Lindsey Mackin knows how to bare her teeth and snarl with the best of them. All punkish mentality meets girl-group lilt, the Annabelle Chairlegs frontwoman possesses a growl fit for summoning guitar magnetism. Long-awaited sophomore album Gotta Be In Love doesn’t entirely shed the retro-pop sheen of 2015’s Watermelon Summer, but added grit sees the Austin band explore darker, spookier territory. And a penchant for surf and ‘60s psych-rock conjures up something out of The Lost Boys, the 1987 campy horror film about a teenage vampire gang prowling a coastal California town. “Outside” shivers with paranoia of unknown lurkers (“If you’re gonna go outside, should I warn you?”). Raucous rhythms from guitarist Matthew Schweinberg, bassist Derek Vaugh Nunez Strahan, and drummer Billy Wong animate the urgency of “Silent Spring.” Dizzying compact hooks are the group’s specialty, but “Brain Freeze” showcases Mackin’s full-throttle vocal range over a stretched out six and a half minutes. Two minutes in, the barrage of sound evanesces, leaving only minimal keys and a simple oscillating guitar line. Mackin, ethereal and haunting, floats above until she breaks the spell with a shriek, wailing guitars underscoring her moans about a fickle lover’s “ushy-gushy pieces of brain.” “Candy Apple Red” careens with the neon vitality of a carnival ride on the boardwalk as Mackin spirals: “deep brick red, slick cherry red, shiny rosy red, candy apple red, a stellar deep red on your face.” She might as well be a vampire zeroing in on her next kill.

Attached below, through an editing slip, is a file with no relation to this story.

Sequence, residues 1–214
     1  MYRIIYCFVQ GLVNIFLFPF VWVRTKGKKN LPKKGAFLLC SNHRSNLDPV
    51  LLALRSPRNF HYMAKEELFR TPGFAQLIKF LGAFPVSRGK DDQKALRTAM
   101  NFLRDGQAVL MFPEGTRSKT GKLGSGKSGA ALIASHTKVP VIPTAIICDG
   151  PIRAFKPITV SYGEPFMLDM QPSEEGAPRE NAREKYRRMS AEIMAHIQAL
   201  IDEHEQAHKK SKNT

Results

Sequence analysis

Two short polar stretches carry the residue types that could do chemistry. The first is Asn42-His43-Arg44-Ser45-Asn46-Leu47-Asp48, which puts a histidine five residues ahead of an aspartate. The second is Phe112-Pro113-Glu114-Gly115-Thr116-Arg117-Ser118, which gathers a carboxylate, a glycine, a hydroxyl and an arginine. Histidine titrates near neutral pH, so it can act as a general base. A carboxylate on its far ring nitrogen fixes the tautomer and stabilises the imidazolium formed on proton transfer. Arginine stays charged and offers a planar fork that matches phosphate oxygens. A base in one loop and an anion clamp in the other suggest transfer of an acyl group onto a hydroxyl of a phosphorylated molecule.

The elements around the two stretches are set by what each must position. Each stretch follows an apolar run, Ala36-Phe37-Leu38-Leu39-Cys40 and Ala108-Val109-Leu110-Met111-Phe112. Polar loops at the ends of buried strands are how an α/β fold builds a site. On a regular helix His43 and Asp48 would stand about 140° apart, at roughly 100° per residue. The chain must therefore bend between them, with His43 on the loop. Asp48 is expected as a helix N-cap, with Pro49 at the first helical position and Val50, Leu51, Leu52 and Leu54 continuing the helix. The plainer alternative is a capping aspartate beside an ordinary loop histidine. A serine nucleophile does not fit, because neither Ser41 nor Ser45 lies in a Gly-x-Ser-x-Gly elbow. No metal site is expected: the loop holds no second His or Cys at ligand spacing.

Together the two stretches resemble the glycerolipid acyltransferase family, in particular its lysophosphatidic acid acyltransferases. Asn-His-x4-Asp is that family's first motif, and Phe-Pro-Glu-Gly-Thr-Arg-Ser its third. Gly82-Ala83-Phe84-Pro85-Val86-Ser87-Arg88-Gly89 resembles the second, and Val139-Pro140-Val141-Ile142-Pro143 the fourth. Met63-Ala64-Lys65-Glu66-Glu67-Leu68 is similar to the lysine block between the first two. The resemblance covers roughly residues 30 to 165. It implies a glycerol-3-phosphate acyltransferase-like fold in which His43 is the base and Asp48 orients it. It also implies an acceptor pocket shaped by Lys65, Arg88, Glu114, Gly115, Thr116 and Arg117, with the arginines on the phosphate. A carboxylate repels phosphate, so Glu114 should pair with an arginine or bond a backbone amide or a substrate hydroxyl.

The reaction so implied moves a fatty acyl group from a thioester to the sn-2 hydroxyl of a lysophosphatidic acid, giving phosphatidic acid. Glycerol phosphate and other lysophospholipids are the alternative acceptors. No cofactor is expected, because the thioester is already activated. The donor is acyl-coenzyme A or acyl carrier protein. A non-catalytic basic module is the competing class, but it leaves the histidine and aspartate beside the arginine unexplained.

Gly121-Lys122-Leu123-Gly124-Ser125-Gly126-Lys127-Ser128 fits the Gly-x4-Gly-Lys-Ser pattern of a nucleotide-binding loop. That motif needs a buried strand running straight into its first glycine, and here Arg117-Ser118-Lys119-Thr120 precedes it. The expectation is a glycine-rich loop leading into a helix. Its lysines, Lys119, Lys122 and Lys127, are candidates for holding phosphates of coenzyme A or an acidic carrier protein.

Review by Annie Lyons